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India launches IP Literacy and Awareness Education campaign

Image credits: indiaeducationdiary.in

India’s ‘KAPILA’ Kalam Program for Intellectual Property Literacy and Awareness campaign was virtually launched on the 89th birth anniversary of former President and Scientist, Late Dr. APJ Abdul Kalam and marked as the ‘National Innovation Day’.

Speaking on the occasion, Union Education Minister Shri Ramesh Pokhriyal said that it is necessary to invent for the self-sufficiency of the country but it is as important to patent these inventions. Patenting of inventions will help India towards self-reliance and India needs to take a giant leap in the field of patents.

For India to become a $5 trillion economy, it is critical to have more awareness of protecting intellectual property. Research students and scientists of India engaged in research and development must apply to preserve and safeguard their inventions, he added.

Under this campaign, students pursuing education in higher educational institutions will get information about the correct system of application to patent inventions and will be made aware of their rights.

Controller General of Patents, Design and Trademarks Sh. O P Gupta said, “The country can benefit from its inventions only if the country’s researchers and inventors are aware of the proper system of patenting. This campaign will create awareness among students for filing applications for patents.”

Colleges and institutions need to encourage students to file patents. With ample talent in the country, the nation needs to move towards patents. He appealed to the youth to go full steam ahead with their inventions.

The Institution Innovation Council (IIC 2.0) annual report was also presented on the occasion and the launch of IIC 3.0 was announced. It has also been decided to celebrate the week of October 15th to 23rd as ‘Intellectual Property Literacy Week’. The IIC 3.0 website was also launched.

The Institution Innovation Council was established by the Ministry of Education in 2018 and IICs have been established in about 1700 higher educational institutions. The aim is to established IICs in 5000 higher educational institutions under IIC 3.0.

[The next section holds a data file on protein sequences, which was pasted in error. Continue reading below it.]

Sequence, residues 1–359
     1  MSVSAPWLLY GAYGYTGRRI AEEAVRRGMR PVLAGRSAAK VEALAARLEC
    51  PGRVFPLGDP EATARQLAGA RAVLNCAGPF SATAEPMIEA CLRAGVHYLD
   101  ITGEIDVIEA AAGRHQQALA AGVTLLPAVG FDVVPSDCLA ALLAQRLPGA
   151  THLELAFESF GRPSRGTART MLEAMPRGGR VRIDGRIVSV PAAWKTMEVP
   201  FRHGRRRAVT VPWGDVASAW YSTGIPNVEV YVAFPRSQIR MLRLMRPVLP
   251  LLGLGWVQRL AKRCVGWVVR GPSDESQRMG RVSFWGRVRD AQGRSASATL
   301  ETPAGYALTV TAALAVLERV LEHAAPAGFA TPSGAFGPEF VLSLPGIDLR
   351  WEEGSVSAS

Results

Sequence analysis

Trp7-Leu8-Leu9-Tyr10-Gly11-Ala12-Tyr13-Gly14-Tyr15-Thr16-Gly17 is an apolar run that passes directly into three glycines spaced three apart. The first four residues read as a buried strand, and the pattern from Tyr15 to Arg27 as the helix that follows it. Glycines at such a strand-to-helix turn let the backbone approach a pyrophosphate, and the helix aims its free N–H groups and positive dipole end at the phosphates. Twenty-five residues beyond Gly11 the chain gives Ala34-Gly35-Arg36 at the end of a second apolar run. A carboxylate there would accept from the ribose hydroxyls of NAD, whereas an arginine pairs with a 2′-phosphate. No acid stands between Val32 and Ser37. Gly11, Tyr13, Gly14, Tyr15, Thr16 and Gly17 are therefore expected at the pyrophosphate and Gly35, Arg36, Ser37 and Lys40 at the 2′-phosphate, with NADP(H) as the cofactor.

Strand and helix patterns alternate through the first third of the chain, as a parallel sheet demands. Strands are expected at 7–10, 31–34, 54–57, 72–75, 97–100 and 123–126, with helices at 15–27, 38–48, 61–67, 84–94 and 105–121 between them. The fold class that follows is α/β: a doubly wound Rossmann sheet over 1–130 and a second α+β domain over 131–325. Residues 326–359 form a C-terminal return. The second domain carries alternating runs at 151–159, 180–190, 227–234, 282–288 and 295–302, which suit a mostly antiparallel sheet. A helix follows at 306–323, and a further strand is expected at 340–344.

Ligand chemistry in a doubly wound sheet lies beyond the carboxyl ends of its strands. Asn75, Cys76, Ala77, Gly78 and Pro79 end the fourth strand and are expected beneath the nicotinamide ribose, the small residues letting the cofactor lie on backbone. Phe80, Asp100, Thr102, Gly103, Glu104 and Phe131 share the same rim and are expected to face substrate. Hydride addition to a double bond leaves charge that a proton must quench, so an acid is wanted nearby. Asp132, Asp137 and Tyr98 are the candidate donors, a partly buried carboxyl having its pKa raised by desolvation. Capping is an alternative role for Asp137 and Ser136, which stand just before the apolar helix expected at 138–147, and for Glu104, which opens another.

India has been aggressively pursuing excellence in the area of IP and trademark. Recognition of international standards of copyright protection and incentives for intellectual property have helped India jump eight places in 2019 to 36th position on the International Intellectual Property (IP) Index, the highest gain for any country this year.

The index, which analyses the IP climate in 50 global economies, is brought out by the US Chamber of Commerce’s Global Innovation Policy Center (GIPC). “The improvement reflects important reforms implemented by Indian policy.

None the less, there remain some areas that India needs to address. Among the current limitations, the index has cited barriers to licensing and technology transfer, including strict registration norms, a limited framework for the protection of biopharmaceutical IP rights, patentability rules outside international standards, lengthy pre-grant opposition proceedings and previously used compulsory licensing for commercial and non-emergency situations as key hurdles.

A recap of the patent statistics from 2019 and comparison with statistics from 2017 and 2018 show a remarkable upward trend.

A total of 83,226 patent applications were examined in 2019 surpassing the total of 81,406 patent applications examined in 2018. The total number of grants in 2019 also shot up by as much as 68% in comparison to the total number of grants in 2018. Interestingly, the registration of copyright for Computer Software went from 602 in 2017 to 2,172 the following year and hit 1,679 in 2019.

The patent office on an average examined and issued 228 first examination reports (FERs) per day and the pendency of patent applications have most certainly reduced.

Image credits: indiaeducationdiary.in

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